Public Health Relevance

The results from this study will characterize novel mechanisms that may promote early cardiovascular disease and the development of autoimmune responses in patients with lupus and could contribute to the design of therapeutic interventions aimed at decreasing organ damage in this disease.

Agency
National Institute of Health (NIH)
Institute
National Heart, Lung, and Blood Institute (NHLBI)
Type
Research Project (R01)
Project #
5R01HL088419-06
Application #
8666791
Study Section
Arthritis, Connective Tissue and Skin Study Section (ACTS)
Program Officer
Kirby, Ruth
Project Start
2007-04-01
Project End
2017-04-30
Budget Start
2014-05-22
Budget End
2015-04-30
Support Year
6
Fiscal Year
2014
Total Cost
$393,580
Indirect Cost
$115,091
Name
University of Michigan Ann Arbor
Department
Internal Medicine/Medicine
Type
Schools of Medicine
DUNS #
073133571
City
Ann Arbor
State
MI
Country
United States
Zip Code
48109
Knight, Jason S; Subramanian, Venkataraman; O'Dell, Alexander A et al. (2015) Peptidylarginine deiminase inhibition disrupts NET formation and protects against kidney, skin and vascular disease in lupus-prone MRL/lpr mice. Ann Rheum Dis 74:2199-206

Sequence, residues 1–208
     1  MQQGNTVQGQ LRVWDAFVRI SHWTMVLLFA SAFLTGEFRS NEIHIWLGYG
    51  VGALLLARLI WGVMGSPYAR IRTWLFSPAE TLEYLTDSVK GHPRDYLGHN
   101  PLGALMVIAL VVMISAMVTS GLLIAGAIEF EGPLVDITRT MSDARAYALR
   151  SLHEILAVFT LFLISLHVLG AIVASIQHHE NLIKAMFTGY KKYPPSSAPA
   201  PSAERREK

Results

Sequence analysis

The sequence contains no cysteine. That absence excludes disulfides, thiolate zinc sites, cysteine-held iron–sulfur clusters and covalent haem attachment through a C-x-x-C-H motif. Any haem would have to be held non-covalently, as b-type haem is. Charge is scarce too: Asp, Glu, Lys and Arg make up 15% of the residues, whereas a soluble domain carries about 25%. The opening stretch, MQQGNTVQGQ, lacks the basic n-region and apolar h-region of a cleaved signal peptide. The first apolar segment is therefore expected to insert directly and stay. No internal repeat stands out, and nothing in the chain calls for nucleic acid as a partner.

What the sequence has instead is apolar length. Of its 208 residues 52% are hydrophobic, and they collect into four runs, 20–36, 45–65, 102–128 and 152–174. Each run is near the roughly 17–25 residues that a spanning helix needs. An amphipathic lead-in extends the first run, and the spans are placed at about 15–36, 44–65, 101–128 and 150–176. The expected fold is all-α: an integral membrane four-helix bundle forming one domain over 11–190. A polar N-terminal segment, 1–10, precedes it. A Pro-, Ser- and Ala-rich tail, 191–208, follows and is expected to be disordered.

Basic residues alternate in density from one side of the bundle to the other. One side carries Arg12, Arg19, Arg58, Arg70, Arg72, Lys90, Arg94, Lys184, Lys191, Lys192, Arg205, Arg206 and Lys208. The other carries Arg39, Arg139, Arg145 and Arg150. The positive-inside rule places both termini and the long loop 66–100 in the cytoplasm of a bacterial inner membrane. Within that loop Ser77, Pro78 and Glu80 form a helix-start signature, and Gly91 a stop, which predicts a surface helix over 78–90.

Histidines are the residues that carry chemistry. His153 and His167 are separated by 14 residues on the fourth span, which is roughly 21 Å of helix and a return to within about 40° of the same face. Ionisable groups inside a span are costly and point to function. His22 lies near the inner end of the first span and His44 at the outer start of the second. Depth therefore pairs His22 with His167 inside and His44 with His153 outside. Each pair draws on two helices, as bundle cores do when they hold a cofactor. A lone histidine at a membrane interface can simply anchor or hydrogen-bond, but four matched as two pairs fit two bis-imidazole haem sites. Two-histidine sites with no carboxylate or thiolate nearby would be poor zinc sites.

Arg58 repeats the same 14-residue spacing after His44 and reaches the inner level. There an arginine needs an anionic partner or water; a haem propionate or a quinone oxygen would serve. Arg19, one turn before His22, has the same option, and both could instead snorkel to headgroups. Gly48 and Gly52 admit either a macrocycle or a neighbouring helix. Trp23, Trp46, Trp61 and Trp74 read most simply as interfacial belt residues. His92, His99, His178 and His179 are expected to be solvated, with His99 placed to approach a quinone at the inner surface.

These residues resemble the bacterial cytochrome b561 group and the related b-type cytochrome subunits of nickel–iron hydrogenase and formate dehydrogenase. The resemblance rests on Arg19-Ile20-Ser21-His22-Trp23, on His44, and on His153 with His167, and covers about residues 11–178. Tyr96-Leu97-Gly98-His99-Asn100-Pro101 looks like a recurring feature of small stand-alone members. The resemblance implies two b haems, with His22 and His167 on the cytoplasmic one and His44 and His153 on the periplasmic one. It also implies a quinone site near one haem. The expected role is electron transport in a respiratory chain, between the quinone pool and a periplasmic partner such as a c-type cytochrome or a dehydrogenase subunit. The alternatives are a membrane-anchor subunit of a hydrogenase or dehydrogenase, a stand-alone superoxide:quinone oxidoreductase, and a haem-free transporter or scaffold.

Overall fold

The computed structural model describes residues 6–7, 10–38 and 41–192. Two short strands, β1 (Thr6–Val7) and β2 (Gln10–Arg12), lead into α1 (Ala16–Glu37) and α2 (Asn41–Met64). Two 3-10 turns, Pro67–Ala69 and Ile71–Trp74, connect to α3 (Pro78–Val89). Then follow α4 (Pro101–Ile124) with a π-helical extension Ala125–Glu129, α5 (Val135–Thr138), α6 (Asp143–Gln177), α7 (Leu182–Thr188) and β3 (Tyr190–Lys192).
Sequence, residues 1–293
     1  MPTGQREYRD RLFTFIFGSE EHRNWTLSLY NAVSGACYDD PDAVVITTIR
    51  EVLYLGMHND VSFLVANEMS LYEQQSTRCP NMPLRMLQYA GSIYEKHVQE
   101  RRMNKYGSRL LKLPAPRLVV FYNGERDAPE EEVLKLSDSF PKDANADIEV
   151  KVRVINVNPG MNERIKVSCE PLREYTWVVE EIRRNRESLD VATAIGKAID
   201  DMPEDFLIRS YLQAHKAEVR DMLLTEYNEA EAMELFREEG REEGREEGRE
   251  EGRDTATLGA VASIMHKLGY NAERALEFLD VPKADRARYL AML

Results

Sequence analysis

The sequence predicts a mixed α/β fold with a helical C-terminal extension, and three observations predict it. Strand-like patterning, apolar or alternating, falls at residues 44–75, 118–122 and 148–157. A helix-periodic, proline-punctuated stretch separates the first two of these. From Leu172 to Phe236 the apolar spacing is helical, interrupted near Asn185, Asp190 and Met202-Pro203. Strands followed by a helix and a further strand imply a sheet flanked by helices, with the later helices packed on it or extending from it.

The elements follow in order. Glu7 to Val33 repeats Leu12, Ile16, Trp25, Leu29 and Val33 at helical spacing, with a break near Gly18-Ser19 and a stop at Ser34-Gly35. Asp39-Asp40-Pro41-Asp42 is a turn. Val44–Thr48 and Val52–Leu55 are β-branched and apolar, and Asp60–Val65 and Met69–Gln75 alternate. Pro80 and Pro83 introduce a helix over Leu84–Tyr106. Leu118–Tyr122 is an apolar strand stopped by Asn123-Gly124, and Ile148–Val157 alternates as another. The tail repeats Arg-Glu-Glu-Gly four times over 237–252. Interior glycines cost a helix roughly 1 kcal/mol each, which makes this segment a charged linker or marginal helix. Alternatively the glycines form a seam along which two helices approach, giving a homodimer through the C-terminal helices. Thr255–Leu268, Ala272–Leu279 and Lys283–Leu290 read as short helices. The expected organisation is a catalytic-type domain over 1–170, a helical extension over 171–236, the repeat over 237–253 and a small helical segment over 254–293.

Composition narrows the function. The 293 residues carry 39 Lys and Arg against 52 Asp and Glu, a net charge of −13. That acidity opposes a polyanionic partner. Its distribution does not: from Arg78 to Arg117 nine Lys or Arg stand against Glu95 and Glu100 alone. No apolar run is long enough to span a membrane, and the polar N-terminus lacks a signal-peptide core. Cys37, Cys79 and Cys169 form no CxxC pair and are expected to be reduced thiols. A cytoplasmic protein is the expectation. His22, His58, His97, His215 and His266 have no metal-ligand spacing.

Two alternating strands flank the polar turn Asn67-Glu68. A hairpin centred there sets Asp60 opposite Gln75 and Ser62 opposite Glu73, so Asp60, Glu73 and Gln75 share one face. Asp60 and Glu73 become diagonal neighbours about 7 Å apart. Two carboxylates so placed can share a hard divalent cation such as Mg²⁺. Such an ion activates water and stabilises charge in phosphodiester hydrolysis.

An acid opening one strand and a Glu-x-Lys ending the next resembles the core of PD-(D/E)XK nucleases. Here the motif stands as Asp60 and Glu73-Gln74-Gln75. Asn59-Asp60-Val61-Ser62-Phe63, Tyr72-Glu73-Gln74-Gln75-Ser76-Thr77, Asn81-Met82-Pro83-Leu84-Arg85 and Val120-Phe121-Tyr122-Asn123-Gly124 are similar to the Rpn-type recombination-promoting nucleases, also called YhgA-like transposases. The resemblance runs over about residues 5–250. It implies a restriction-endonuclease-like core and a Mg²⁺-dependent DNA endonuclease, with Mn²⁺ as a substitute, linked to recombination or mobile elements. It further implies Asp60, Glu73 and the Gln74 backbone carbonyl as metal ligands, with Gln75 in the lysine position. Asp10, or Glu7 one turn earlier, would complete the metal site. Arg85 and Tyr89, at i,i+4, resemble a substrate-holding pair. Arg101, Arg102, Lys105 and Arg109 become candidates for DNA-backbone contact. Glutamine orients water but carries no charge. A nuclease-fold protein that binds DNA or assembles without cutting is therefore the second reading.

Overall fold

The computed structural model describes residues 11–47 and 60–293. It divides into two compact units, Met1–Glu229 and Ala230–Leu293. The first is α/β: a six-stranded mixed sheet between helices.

Carmona-Rivera, Carmelo; Zhao, Wenpu; Yalavarthi, Srilakshmi et al. (2015) Neutrophil extracellular traps induce endothelial dysfunction in systemic lupus erythematosus through the activation of matrix metalloproteinase-2. Ann Rheum Dis 74:1417-24
Kahlenberg, J Michelle; Yalavarthi, Srilakshmi; Zhao, Wenpu et al. (2014) An essential role of caspase 1 in the induction of murine lupus and its associated vascular damage. Arthritis Rheumatol 66:152-62
Knight, Jason S; Luo, Wei; O'Dell, Alexander A et al. (2014) Peptidylarginine deiminase inhibition reduces vascular damage and modulates innate immune responses in murine models of atherosclerosis. Circ Res 114:947-56
Palanichamy, Arumugam; Bauer, Jason W; Yalavarthi, Srilakshmi et al. (2014) Neutrophil-mediated IFN activation in the bone marrow alters B cell development in human and murine systemic lupus erythematosus. J Immunol 192:906-18
Smith, Carolyne K; Vivekanandan-Giri, Anuradha; Tang, Chongren et al. (2014) Neutrophil extracellular trap-derived enzymes oxidize high-density lipoprotein: an additional proatherogenic mechanism in systemic lupus erythematosus. Arthritis Rheumatol 66:2532-44
Wang, H; Chen, Y E; Eitzman, Daniel T (2014) Imaging body fat: techniques and cardiometabolic implications. Arterioscler Thromb Vasc Biol 34:2217-23
Zhao, Wenpu; Berthier, Celine C; Lewis, Emily E et al. (2013) The peroxisome-proliferator activated receptor-? agonist pioglitazone modulates aberrant T cell responses in systemic lupus erythematosus. Clin Immunol 149:119-32
Carmona-Rivera, Carmelo; Kaplan, Mariana J (2013) Low-density granulocytes: a distinct class of neutrophils in systemic autoimmunity. Semin Immunopathol 35:455-63
Kahlenberg, J Michelle; Kaplan, Mariana J (2013) Little peptide, big effects: the role of LL-37 in inflammation and autoimmune disease. J Immunol 191:4895-901